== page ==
Thursday 27 April 2017

'If GPA services save one life then they're worth it'

Dublin's Paul Flynn and Kerry's David Moran at the launch of Setanta Sports' coverage of the Allianz Leagues (INPHO/Morgan Treacy)
Dublin's Paul Flynn and Kerry's David Moran at the launch of Setanta Sports' coverage of the Allianz Leagues (INPHO/Morgan Treacy)
Colm Keys

Colm Keys

Paul Flynn barely has his feet under the desk as the Gaelic Players Association's new secretary but already there are significant issues to deal with after the GAA's cold shoulder to their proposals for championship reform.

Acknowledging that they are a "rejection" of players' views - according to the GPA, 31 out of 32 inter-county football squads backed a proposal to introduce a round robin qualifier series after a much condensed provincial championship - Flynn accepted the onus was now on the players' body to ensure the opinion of players is properly considered.

"For the inter-county players, who are rolled out every summer to create revenue for the GAA and create a stir around the games, they put forward what they feel could be a good option and it's not listened to. I think it is disappointing," he said.

"Obviously there are so many different pieces to who puts the puzzle forward, I think there were like 40 proposals (18 were eventually put to Central Council before being scaled down to three) put forward. It just goes to show you how subjective it is and how difficult it is to tie down what the structure is.

"There is an onus on the GPA, the GPA represents the playing body, it's about finding out what the players think, that's what the GPA do," he said.

"It happened on Saturday, the dust has barely settled. I think that it's very hard to reach all the players so quickly so it's probably about rounding up the reps, finding what the views are, maybe putting out some kind of survey or feedback template for players then sit down over the coming weeks and decide what needs to be done.

"It is important that you feel you're heard as a playing body. But it is difficult because it is so political and bureaucratic within the GAA," said Flynn.

"I don't think there is anybody out there who disagrees that change is required. I also don't think that everybody agrees on what the system should be but the changes they looked to put forward (introduction of an eight-team 'B' championship) is not change, they are just the same thing practically with maybe one or two alterations. It is disappointing that they didn't listen to the GPA's proposal."

The rejection of the players' proposal, on the basis that it laid out a far greater programme of games at a time when the association is trying to tighten schedules, has given rise to speculation that the relationship between the GAA at central level and the GPA may not be as strong as it appears to have been for much of the five years that they have been officially recognised.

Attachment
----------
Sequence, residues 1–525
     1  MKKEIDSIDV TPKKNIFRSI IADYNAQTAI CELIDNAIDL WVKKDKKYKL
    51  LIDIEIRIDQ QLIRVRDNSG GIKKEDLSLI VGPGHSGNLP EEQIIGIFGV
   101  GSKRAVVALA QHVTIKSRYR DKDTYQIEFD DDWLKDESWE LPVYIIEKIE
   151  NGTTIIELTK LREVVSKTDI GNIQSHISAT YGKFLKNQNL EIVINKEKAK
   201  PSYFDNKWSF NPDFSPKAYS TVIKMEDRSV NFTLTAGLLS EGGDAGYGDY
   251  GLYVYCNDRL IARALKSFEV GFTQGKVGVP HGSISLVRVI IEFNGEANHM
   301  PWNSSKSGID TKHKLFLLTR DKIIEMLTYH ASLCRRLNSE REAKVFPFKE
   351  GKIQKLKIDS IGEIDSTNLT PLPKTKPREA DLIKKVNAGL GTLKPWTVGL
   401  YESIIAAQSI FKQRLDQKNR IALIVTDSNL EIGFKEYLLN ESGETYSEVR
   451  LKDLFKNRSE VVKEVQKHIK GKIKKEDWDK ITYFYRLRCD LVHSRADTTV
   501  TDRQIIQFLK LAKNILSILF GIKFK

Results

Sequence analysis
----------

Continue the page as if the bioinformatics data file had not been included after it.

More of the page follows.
Flynn has also strongly defended the services being provided to the inter-county playing body through the GPA, some of which were described as "bullshit" and "bluff and bluster" by former Meath footballer and Sunday Independent columnist Colm O'Rourke last weekend.

O'Rourke has been highly critical of some aspects of the players' association over the last 15 months, suggesting they are not dealing sufficiently with player welfare issues and the "outrageous demands on our best young players," as he put it last Sunday.

The four-time Dublin All-Star said he was particularly disappointed with O'Rourke's view to 'toughen up', as Flynn put it, to smaller difficulties that may arise in a person's life.

In the article O'Rourke did acknowledge that some cases needed "serious personal intervention" but actually suggested some of the smaller issues needed a 'get over it' approach and that there were enough services in wider society to deal with what personal problems GAA players might have without resorting to the GPA. O'Rourke also suggested that "young men are not as mentally tough in dealing with normal life issues as previous generations who had to battle hard in a much different and harsher environment".

"Some of the services are not bullshit. They might be in his (O'Rourke's) eyes," Flynn responded.

"Mental illness is so prominent in society today. You can have as many organisations as you want out there working on it as we have. There's so many, but yet it's still so prominent among males and predominantly the GPA is made up of all male members.

"So that's a great platform for services to be able to come in and to help. That's one thing I don't agree with is 'toughen up' (get over it) in that regard."

"What (the GPA and the services) is doing is very good in my eyes. It's breaking down the stigma for people to use them and it's making it very accessible for the players to use them.

"So I think they're great services, brilliant services and in many ways they change lives.

"I've lost a friend to suicide so I know what that's like first hand. If those services save one life then they're worthwhile, end of story.

"So why I got involved in the GPA is because I want to see more of that. They've changed many players' lives with regards to scholarships, stuff like that. They're all important things.

"Education is power when you can get yourself highly educated, get yourself a great career that you're happy with.

"That's a great thing and if the GPA are trying to help you on that off-field journey well then I really buy into that piece of it."

Paul Flynn was speaking at the launch of Setanta Sports Allianz League coverage which will feature 17 games beginning with Saturday week's repeat of last year's All-Ireland final between Dublin and Kerry. Donegal and Down will also be broadcast live on Setanta Sports One.

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